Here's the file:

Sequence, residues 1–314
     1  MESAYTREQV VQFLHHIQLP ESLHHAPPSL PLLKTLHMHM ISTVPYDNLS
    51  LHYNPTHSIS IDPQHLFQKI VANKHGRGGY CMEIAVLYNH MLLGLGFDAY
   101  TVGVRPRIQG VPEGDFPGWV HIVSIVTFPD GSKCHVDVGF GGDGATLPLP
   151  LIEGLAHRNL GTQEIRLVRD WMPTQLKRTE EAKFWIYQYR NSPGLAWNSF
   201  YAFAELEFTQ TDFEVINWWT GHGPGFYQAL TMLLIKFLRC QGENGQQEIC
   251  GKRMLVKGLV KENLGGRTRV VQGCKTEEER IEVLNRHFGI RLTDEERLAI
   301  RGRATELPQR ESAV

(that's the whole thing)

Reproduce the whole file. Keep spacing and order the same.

Sequence, residues 1–314
     1  MESAYTREQV VQFLHHIQLP ESLHHAPPSL PLLKTLHMHM ISTVPYDNLS
    51  LHYNPTHSIS IDPQHLFQKI VANKHGRGGY CMEIAVLYNH MLLGLGFDAY
   101  TVGVRPRIQG VPEGDFPGWV HIVSIVTFPD GSKCHVDVGF GGDGATLPLP
   151  LIEGLAHRNL GTQEIRLVRD WMPTQLKRTE EAKFWIYQYR NSPGLAWNSF
   201  YAFAELEFTQ TDFEVINWWT GHGPGFYQAL TMLLIKFLRC QGENGQQEIC
   251  GKRMLVKGLV KENLGGRTRV VQGCKTEEER IEVLNRHFGI RLTDEERLAI
   301  RGRATELPQR ESAV